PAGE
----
For football fans across Europe, January is often synonymous with plunging temperatures and a hectic programme of league and cup matches. That is in stark contrast to followers of the beautiful game over in South America. Searing heat, summer holidays and the footballing close season are the order of the day for many in the region, who, despite the lull in competitive action, are quick to scan the papers every morning for all the latest transfer news.
The build-up to the 2008 campaign has certainly not been short of surprises, with some of world football's most illustrious names heading back to their homelands. Read on as FIFA.com takes a look at the two main markets in the region: Argentina and Brazil.
Perhaps unsurprisingly, the biggest transfer coups were pulled off by the traditional South American powerhouses. Buenos Aires giants Boca Juniors got the ball rolling in December with the capture of Juan Roman Riquelme, the driving force behind Boca's 2007 Copa Libertadores triumph while on loan from Spanish side Villarreal.
The Argentina No10 has returned to the Estadio Bombonera in a permanent move, and will be looking to help add yet another Libertadores win to the Xeneizes' bulging trophy cabinet. "I'm happy here, I've come back home and I hope to stay for a very long time," said the visionary midfielder on his return.
Another player returning from the old continent with a point to prove is Inter Milan forward Adriano, who has joined Brazilian heavyweights Sao Paulo on loan. The man nicknamed L'Imperatore (The Emperor) on Italian soil has endured a spectacular fall from grace, but two well-taken goals on his Sao Paulo debut against Guaratingueta in the Paulista State Championship have gone some way to silencing his critics.
Boca, under new coach Carlos Ischia, have dipped into the Mexican market for further reinforcements, signing Club America's former Lazio winger Lucas Castroman as well as Tigres' Paraguayan star Julio Cesar Caceres. The move for the Guaraní defender has raised eyebrows in Argentina, Caceres having previously played for and captained the Xeneizes' fierce rivals River Plate.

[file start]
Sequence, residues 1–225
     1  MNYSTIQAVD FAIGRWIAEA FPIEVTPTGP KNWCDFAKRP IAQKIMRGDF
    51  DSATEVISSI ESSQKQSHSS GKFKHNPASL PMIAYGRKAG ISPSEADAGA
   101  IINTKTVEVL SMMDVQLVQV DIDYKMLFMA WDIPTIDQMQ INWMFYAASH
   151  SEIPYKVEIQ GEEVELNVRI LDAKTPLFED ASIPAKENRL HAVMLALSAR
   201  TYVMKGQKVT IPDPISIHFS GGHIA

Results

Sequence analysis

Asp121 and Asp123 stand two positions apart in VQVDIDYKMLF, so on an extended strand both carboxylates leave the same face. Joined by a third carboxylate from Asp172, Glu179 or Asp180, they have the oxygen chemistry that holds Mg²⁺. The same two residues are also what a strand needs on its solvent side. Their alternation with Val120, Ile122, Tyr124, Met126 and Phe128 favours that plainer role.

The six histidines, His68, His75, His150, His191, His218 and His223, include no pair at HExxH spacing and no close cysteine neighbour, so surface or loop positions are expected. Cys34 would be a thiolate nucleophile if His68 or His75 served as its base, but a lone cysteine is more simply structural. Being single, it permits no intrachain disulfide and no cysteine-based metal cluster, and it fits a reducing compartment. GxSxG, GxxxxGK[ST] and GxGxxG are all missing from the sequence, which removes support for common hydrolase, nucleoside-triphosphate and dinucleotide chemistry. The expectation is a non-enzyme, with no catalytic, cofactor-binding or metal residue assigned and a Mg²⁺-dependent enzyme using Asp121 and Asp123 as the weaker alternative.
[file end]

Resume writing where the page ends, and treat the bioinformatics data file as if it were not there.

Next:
Following their swoop for Adriano, Sao Paulo also bolstered their squad with another high-profile loan signing, former Porto playmaker Carlos Alberto making the switch from Werder Bremen. "His arrival gives us an added dose of individual quality. If he's in shape and knuckles down he'll be a great signing for us," enthused Tricolor Paulista supremo Muricy Ramalho.
Another man on the homeward trail is former Manchester United midfielder Kleberson, a 2002 FIFA World Cup Korea/Japan™-winner. The Brazilian has left Turkish giants Besiktas to wear the colours of Flamengo, Brazil's most widely supported club. "I've always dreamed of playing here, like every other boy in this country," said the player himself, who will have to wait until February to make his competitive debut.
Whirl of activity
Back in Argentina, River Plate are looking to put a nightmare 2007 behind them under the firm hand of former Estudiantes coach Diego Simeone. Los Millonarios have moved to acquire well-travelled Uruguayan goal-getter Sebastian Abreu from Mexican side Tigres, as well as rising star Rodrigo Archubi, who spent last season on loan with Greek outfit Olympiacos. San Lorenzo, meanwhile, have signed former Albiceleste left-back Diego Placente, a veteran of spells in German and Spanish football.
Returning to Brazil once more, Fluminense have pushed the boat out in sealing the signatures of three of the country's most exciting forwards: Leandro Amaral, Dodo and Washington, the man who burst on to world football's collective consciousness with his goals for Urawa Red Diamonds at the FIFA Club World Cup Japan 2007.
Determined not to be left behind, Ronaldinho's former club Gremio have welcomed Colombian international forward Edixon Perea back to South America after a frustrating time in France with Bordeaux. Cruzeiro, for their part, have guaranteed the signature of Ecuador's Giovanny Espinoza from Dutch side Vitesse Arnhem.
For all these stars, the aim is to adapt as quickly as possible to their surroundings and help their new clubs achieve their objectives, be they on the domestic or continental stage. And while the faces may change, the expectations remain the same: a place in the annals of South American football history.